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Bank Deals Similar to Goldman Sach’s Gone Awry

Other Major Banks Participated, Too?

By Marian Wang, ProPublica – April 16, 2010 1:36 pm EDT

As you may have heard, or read on this ME-P, Goldman Sachs is being sued for fraud [1] by the Securities and Exchange Commission [2] for allegedly misleading investors about a deal that Goldman helped structure and sell. In the civil suit, the SEC specifically faulted Goldman for failing to disclose that a hedge fund was helping create the investment while betting big the deal would fail.

According to the SEC, Goldman Sachs knew about the hedge fund’s bets, knew it played a significant role in choosing the assets in the portfolio, and yet did not tell investors about it. (Goldman Sachs has called the SEC’s accusations “completely unfounded in law and fact.” And in another more detailed statement [3], it said it “did not structure a portfolio that was designed to lose money.”) 

[picapp align=”none” wrap=”false” link=”term=Goldman+Sachs&iid=8541566″ src=”0/4/f/8/The_Goldman_Sachs_7d6f.jpg?adImageId=12513388&imageId=8541566″ width=”380″ height=”568″ /]

In ProPublica

As we reported at ProPublica last week, many other major investment banks were doing a similar thing [4].

Investment banks including JPMorgan Chase [5], Merrill Lynch [6] (now part of Bank of America), Citigroup, Deutsche Bank and UBS also created CDOs that a hedge fund named Magnetar was both helping create and betting would fail. Those investment banks marketed and sold the CDOs to investors without disclosing Magnetar’s role or the hedge fund’s interests.

Here is a list of the banks that were involved [7] in Magnetar deals, along with links to many of the prospectuses on the deals, which skip over Magnetar’s role. In all, investment banks created at least 30 CDOs with Magnetar, worth roughly $40 billion overall. Goldman’s 25 Abacus CDOs — one of which is the basis of the SEC’s lawsuit — amounted to $10.9 billion [8].

One reporter Jake Bernstein explained the investment banks’ disclosure failures on Chicago Public Radio’s This American Life [9]:

On the Magnetar Hedge Fund

The role of Magnetar, both as equity investor and in their bets against the very CDOs they helped create were not disclosed in any way to investors in the written documents about the deals. Not the marketing materials, not the prospectuses, not in the hundreds of pages that an investor could get to see information about the deal was it disclosed that it was in fact Magnetar who’d helped create the deal, and who’d bet against.

That is, of course, along the lines of what the SEC is suing Goldman Sachs for now. The SEC’s suit also says CDOs like the ones Goldman built “contributed to the recent financial crisis by magnifying losses associated with the downturn in the United States housing market.”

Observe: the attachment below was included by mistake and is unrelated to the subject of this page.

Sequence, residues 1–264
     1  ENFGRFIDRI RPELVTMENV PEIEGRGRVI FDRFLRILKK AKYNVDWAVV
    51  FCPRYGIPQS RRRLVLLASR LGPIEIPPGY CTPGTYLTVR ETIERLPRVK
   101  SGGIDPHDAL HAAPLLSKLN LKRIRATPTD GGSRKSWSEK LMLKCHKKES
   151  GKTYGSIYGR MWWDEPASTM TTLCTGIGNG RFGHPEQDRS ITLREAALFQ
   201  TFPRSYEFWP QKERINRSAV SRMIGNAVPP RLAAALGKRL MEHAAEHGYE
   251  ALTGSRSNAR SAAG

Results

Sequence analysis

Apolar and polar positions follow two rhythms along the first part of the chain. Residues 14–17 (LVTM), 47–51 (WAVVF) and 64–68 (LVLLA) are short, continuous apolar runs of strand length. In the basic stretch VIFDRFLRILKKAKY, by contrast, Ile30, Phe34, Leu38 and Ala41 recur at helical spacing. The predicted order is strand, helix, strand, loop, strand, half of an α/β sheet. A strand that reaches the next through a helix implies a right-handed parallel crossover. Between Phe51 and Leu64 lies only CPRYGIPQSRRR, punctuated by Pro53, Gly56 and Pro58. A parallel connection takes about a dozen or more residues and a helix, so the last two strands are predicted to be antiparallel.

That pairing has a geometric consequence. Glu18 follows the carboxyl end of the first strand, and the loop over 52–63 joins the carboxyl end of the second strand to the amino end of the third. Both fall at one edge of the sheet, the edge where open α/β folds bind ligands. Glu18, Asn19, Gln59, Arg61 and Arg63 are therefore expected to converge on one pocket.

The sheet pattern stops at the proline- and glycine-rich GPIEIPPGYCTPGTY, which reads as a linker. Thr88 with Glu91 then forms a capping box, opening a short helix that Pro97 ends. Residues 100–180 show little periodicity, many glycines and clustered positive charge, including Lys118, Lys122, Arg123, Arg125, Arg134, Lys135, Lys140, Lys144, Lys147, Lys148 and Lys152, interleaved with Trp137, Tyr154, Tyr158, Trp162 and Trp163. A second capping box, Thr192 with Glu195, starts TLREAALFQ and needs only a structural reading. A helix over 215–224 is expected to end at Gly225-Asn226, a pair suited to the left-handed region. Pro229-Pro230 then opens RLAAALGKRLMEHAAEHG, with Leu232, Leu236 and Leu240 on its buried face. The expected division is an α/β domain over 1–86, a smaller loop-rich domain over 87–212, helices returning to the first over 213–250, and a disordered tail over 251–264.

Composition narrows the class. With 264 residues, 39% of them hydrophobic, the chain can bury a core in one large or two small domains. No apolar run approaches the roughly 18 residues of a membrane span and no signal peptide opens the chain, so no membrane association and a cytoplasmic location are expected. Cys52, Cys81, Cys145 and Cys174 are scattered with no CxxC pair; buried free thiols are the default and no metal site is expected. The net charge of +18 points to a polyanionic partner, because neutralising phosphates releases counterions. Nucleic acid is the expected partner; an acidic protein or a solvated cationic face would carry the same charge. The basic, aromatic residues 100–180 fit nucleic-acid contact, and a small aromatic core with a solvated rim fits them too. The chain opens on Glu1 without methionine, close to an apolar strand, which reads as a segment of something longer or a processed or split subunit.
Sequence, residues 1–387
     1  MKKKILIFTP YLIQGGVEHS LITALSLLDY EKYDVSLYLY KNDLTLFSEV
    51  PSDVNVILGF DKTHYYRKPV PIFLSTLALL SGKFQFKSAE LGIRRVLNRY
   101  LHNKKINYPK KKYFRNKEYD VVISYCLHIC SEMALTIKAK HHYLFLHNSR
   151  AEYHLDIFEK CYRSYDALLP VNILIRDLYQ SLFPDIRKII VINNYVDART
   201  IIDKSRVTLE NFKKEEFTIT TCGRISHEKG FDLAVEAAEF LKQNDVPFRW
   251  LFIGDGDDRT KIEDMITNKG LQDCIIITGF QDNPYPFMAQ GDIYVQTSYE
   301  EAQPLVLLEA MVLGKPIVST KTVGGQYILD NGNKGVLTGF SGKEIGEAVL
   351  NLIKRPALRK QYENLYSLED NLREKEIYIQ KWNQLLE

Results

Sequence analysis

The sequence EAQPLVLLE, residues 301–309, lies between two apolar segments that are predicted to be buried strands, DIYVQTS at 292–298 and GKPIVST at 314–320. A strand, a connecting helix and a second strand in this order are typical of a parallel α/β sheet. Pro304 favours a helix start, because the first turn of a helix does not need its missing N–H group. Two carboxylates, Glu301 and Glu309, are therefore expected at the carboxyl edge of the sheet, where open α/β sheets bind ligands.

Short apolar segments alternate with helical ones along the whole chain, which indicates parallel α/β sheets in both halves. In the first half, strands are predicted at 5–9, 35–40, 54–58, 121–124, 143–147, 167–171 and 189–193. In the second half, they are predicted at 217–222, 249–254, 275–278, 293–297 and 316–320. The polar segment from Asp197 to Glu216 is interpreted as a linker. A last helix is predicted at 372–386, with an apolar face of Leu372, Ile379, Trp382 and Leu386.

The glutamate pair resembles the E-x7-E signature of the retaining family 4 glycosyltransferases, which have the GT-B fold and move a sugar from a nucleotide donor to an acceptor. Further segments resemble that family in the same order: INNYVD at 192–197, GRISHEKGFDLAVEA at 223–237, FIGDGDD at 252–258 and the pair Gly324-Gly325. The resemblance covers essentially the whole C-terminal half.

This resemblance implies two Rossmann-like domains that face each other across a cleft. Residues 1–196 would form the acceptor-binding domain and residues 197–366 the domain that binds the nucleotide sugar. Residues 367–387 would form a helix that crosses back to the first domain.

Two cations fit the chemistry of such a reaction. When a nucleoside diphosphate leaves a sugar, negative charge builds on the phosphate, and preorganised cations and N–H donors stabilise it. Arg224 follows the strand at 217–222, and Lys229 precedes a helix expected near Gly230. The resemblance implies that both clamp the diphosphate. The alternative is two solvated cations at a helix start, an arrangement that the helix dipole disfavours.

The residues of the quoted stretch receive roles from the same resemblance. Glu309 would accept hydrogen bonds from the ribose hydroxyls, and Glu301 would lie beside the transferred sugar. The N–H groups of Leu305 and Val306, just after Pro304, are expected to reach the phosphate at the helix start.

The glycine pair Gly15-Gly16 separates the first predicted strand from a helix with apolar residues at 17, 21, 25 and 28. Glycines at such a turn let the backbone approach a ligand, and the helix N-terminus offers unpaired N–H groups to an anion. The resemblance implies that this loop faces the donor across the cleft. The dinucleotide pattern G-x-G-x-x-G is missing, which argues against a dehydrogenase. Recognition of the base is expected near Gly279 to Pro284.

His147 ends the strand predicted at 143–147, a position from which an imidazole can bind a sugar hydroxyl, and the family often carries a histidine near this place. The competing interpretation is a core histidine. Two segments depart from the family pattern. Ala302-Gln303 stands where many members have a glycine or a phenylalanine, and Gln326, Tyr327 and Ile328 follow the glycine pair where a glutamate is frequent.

Notably, the SEC did not sue the hedge fund [10] involved in Goldman’s Abacus deals — Paulson & Co. — or its manager, John Paulson. Instead, it’s going after Goldman. And as we pointed out in our reporting, there’s no evidence that what Magentar did was illegal [11].


We’ve called the major banks involved in Magnetar CDO deals to see if they were concerned about similar lawsuits. Thus far, Bank of America, Citigroup, Deutsche, Wells Fargo (which bought Wachovia) and UBS have responded and have all declined our requests for comment. Here is Magnetar’s response [12] to our original reporting.


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10 Responses

  1. Oh No … Not Others Too?

    Accusations that venerated investment bankers at Goldman Sachs defrauded customers who bought risky subprime mortgages have only just begun to reverberate through the financial world.


    Now are other banks implicated, too?



  2. Warren Buffett Takes $1 Billion Hit As SEC Charges Goldman Sachs

    He can’t be happy now that the SEC is charging Goldman with fraud.




  3. Charges Aside – What About Goldman’s Nondisclosure of a Potential Lawsuit?

    In a recent conference call, Goldman Sachs’ co-general counsel Greg Palm said the firm was “somewhat surprised” by the SEC’s civil suit last week, since “no one had told us in advance.”

    Typically, when the SEC files a lawsuit, it gives companies advance notice, so they can either settle the case quickly or brace themselves for a PR hit. In this case, the SEC didn’t give Goldman the courtesy.

    Link: http://www.propublica.org/ion/blog/item/charges-aside-was-goldmans-non-disclosure-of-potential-lawsuit-material

    Source: ProPublica


  4. Sar-Box and Warren Buffet

    We usually don’t associate Warren Buffet with whistleblowers, in part because we assume the Oracle of Omaha’s integrity extends across his empire.